What a time to be alive. In just a few days, China has picked fights with a long-running animated TV show and an entire professional athletic organization. The NBA and South Park are both feuding with China over the current situation in Hong Kong. There’s a lot to go over, but before we get to the South Park China problem and the NBA’s PR crisis, we have to briefly overview what’s happening in Hong Kong.
The NBA and South Park China Problem – Why Are Tensions High?
Hong Kong is currently in a state of chaos as it protests and clashes with the People’s Republic of China. Hong Kong is in a complicated set-up with China. You may hear the “One Party, Two Systems” phrase thrown around. Hong Kong is a special region of China, but is available to operate as a democracy. Given China’s strict control over its economic and political dealings, the flexibility with Hong Kong is quite remarkable. The problem now is that the flexibility is wearing thin.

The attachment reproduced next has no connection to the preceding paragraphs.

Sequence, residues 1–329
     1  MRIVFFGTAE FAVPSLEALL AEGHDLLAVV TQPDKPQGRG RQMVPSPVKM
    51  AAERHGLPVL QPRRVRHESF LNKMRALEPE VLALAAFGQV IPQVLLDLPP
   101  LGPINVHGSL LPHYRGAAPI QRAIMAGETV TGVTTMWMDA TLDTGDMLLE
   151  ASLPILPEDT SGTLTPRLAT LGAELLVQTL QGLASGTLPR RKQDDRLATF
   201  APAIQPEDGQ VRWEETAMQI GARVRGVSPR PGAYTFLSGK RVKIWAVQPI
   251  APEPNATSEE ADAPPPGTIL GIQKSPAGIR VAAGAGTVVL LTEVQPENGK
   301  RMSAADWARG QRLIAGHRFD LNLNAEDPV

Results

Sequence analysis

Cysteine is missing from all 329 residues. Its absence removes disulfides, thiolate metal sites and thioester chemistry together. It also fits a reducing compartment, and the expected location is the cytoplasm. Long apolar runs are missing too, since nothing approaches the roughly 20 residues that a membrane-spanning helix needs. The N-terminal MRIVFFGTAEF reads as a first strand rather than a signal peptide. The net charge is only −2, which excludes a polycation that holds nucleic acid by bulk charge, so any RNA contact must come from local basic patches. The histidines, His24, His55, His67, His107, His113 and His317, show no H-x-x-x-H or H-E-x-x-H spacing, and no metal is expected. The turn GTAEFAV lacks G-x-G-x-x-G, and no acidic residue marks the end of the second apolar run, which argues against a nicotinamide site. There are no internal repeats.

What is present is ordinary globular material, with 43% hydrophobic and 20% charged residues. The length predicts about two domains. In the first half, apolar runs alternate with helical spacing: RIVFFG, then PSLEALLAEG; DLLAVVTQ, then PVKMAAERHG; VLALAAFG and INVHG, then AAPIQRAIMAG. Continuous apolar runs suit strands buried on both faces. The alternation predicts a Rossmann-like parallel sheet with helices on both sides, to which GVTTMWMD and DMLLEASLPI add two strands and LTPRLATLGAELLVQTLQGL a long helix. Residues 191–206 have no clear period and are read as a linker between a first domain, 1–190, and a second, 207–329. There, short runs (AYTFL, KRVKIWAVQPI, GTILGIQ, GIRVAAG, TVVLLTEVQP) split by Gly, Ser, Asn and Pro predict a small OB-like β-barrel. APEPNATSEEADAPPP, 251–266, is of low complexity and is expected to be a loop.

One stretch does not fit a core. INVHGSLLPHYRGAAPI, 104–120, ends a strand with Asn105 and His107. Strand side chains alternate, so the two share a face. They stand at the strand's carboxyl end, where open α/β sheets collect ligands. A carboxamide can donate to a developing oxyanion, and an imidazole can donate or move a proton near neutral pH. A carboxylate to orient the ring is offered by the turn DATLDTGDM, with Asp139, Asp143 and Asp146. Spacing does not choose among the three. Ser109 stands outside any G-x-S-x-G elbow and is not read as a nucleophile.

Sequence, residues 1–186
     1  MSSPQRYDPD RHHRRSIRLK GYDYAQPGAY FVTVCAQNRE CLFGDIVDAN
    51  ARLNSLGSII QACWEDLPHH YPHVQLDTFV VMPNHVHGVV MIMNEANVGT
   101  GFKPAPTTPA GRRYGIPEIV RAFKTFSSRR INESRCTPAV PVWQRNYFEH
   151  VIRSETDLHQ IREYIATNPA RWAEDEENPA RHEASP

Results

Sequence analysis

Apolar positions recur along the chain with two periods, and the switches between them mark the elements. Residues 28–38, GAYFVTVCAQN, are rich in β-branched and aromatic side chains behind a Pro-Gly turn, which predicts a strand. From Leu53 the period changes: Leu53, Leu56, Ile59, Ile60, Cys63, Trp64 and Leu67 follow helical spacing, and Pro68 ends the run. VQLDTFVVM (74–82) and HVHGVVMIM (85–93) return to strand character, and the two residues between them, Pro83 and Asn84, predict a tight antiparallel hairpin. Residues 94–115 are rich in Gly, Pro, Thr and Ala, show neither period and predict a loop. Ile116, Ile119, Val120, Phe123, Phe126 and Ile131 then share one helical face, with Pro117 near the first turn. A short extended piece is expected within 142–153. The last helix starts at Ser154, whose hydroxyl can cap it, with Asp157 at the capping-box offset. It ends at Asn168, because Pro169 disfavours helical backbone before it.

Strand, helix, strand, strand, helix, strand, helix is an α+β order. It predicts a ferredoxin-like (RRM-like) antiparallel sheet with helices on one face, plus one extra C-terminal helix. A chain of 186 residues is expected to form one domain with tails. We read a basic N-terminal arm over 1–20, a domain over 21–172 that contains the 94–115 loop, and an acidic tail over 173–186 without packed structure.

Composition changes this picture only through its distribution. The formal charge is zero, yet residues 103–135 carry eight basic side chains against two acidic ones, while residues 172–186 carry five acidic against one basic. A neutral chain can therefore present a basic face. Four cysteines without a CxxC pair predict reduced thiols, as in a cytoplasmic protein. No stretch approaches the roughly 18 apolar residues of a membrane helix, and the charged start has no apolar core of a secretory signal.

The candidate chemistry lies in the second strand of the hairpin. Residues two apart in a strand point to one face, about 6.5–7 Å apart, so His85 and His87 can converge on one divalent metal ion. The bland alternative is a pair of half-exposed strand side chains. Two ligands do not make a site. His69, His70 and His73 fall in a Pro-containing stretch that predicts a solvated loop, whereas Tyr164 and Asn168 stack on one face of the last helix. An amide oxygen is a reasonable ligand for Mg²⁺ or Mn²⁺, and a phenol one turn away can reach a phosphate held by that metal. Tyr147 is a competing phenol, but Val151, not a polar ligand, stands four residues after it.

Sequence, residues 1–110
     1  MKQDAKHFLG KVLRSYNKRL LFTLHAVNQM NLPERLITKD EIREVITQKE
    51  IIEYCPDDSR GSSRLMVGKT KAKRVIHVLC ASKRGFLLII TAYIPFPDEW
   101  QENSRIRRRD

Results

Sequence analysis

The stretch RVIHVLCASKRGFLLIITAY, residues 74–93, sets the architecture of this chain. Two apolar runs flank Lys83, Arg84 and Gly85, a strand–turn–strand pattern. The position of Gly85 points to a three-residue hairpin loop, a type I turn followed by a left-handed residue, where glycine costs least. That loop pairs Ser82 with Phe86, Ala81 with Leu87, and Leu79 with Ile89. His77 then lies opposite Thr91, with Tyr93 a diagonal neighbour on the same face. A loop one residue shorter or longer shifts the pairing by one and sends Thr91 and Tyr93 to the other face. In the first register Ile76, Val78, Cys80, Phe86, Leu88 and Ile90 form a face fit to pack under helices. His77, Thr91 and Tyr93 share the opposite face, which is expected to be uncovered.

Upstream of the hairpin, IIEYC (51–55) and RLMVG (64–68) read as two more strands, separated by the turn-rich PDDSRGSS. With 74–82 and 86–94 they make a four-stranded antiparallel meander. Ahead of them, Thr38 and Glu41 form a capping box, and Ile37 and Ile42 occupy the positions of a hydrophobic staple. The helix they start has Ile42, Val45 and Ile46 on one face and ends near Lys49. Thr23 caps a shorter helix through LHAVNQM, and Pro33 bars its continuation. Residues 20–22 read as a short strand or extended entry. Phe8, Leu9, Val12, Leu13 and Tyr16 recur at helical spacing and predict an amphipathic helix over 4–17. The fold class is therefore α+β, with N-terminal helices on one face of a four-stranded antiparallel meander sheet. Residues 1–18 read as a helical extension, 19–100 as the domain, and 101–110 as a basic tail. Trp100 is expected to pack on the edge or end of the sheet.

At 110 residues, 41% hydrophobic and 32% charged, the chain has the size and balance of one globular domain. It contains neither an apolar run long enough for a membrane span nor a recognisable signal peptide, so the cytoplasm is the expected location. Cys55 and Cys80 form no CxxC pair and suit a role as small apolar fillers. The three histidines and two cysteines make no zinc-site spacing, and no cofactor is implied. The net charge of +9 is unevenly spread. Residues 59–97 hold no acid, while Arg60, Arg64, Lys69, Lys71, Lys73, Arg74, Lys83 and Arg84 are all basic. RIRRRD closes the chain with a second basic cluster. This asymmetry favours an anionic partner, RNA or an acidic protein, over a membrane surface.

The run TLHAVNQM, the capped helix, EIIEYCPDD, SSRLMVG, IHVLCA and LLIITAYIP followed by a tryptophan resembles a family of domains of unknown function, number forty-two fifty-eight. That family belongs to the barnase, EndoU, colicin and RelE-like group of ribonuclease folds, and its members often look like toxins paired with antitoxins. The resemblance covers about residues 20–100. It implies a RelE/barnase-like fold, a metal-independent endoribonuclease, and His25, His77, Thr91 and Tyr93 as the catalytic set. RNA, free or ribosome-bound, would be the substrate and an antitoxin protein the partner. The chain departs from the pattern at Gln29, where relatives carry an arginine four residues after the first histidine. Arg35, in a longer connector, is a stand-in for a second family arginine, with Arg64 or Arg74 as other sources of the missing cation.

Hong Kong is an economic powerhouse that benefits from being closely connected with China. In 2014, after years of Beijing trying to limit dissent from Hong Kong, protesters known now as the Umbrella Movement took to the streets arguing that China needed to take a step back. Beijing officials started looking into elections in Hong Kong for possible problematic politicians, and even intervening in court proceedings. That’s a big no. A number of other incidents created a hostile relationship between the two regions, but right now, things are rougher than ever.